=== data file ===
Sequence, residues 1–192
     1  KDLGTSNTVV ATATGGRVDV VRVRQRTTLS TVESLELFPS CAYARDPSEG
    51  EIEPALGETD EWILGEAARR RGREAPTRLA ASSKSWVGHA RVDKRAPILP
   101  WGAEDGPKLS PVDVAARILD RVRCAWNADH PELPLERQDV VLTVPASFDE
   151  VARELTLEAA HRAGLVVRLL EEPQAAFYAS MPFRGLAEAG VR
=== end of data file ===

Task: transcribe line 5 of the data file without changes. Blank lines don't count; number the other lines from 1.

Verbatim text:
   151  VARELTLEAA HRAGLVVRLL EEPQAAFYAS MPFRGLAEAG VR